From the first time I walked over to the church, solitaire, clutching my Bible like a shield to my chest, I'd determined not to be shy. I will jump right in and participate, I muttered. I will come out with witty things to say at the correct times. I will make them like me.
Ever since I was five and kicked a friendly teenager who intimated me, I can remember feeling like a cornered rabbit every time I get around a group of people. My siblings have all been blessed with the most beautiful, friendly natures - so I'm not quite sure where I went wrong. Perhaps it is something God instilled in me, for reasons only he know's and understands; but whatever the case, I have always found myself inclined towards shyness. When around a new group of people, I limit myself to awkward smiles, and cliche, fumbled attempts at conversation. (Generally regretting every word later.) As time has passed, God's grace has come and allowed me to be much more eloquent with the spoken word, not quite so clam-like around people.
But still, there are days when I just feel introverted, hermit-like, averse to being around another soulish nature. When I'd like nothing more than a cave, a pile of books, and perhaps a box of chocolate.
I especially struggle with effectively relating to people my own age, feeling clumsy and extremely aunt-like around them. There world is so much different than mine; and while I marvel that they can be so obsessed with sports and fashion, they're taken aback by my obsessive love of literature. I wondered what the Cayman teenagers would be like; how they would treat my skin, so much fairer than theirs; what would be their reaction to my conversative notions. I felt fear that I would spend my evening sitting alone, wrapped in my own discomfort.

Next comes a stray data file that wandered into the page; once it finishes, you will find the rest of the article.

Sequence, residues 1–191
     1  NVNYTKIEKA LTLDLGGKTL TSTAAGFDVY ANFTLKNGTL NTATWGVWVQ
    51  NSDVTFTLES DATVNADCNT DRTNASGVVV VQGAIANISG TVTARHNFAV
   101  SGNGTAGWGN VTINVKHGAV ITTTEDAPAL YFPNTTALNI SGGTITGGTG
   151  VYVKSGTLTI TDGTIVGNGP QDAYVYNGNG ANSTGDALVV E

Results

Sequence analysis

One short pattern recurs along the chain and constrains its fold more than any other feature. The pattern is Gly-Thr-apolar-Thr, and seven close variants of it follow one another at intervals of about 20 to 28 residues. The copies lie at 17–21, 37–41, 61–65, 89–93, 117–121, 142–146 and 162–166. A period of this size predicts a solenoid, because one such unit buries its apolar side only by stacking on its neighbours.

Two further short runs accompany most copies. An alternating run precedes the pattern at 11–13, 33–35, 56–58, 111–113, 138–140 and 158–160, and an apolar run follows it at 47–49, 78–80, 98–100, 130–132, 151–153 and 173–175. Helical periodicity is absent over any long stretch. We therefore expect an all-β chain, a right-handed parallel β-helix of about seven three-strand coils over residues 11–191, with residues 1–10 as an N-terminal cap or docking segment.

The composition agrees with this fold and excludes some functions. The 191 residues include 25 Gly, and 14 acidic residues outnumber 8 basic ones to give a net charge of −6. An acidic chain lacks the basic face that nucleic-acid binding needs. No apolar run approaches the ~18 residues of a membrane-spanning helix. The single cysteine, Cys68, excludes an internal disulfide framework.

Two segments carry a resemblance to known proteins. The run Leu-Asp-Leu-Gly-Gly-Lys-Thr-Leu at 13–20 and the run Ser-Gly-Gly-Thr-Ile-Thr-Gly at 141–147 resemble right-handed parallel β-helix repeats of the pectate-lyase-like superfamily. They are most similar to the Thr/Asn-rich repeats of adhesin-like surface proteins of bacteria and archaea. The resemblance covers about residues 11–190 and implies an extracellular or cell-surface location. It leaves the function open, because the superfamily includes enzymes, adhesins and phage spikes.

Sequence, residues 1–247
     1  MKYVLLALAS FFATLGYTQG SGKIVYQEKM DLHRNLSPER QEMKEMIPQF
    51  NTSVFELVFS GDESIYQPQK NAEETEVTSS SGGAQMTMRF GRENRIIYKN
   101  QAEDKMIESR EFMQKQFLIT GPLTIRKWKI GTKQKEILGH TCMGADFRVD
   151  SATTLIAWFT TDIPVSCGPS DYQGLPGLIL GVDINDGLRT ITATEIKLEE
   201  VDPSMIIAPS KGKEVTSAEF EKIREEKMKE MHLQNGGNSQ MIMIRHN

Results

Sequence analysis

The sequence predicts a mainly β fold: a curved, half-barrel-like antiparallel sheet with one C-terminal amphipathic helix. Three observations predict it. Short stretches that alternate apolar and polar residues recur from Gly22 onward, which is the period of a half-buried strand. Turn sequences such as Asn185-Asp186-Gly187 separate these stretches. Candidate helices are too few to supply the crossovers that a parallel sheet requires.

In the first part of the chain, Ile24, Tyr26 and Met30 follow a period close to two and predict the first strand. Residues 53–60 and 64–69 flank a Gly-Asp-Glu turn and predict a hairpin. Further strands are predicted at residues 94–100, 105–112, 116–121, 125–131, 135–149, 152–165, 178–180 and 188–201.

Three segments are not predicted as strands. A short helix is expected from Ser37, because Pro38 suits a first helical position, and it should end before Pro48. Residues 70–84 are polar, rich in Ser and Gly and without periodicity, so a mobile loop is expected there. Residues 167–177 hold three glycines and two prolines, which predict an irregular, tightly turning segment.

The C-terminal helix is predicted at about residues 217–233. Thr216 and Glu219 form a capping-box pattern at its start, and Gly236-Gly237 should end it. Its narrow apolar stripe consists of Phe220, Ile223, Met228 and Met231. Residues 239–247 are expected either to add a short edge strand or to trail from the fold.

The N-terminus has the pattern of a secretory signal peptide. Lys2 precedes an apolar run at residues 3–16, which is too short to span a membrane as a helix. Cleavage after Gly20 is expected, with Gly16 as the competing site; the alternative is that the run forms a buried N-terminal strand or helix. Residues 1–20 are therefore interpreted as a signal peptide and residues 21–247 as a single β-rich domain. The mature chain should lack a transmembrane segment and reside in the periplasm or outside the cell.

Several craned to look at me as I walked through the door, feeling far too self-conscious. Let go, don't think about yourself, think about them, I pleaded with myself. I smiled tenatively, approaching a girl near the front, directly before being bombarded with hugs from all sides.
"You're the new girl?"
"Holy moley, is your hair real or is it a wig?"
"Welcome, want some candy?"
"Can I pet your hair?"
"It's so nice to see you, we lack girls around here..."
I was a bit stunned at first, and remained minorly so throughout the evening. It was as if they didn't even notice my differences; or rather, embraced me all the more for them. These teenagers were a different class altogether; diverse, accepting, beautifully humble and open.
I've lain awake many nights thinking about it, marveling at how much they differ from the majority of American teenagers, who cringe at anything that cannot be categorized. And finally it hit me, they are just as different as I am. Cayman teenagers range from rugby-obsessed giants to dainty music lovers, from kilt-wearing boys with accents to dread-heads with bling. They do not feel the need to copy one another, they embrace their individuality as well as everyone elses. This is an example that I would do well to learn from.
Like I've told many of you, Cayman is a cultural melting pot... each clinging to a bit of their heritage, some adapting the habits of others. (Such as a Jamacain boy I met this weekend with the most posh British accent imaginable.)
I shall very much miss these new friends when I return home, but at least I've taken a new lesson under my belt. If I shy away from others differences, how will they be able to accept mine?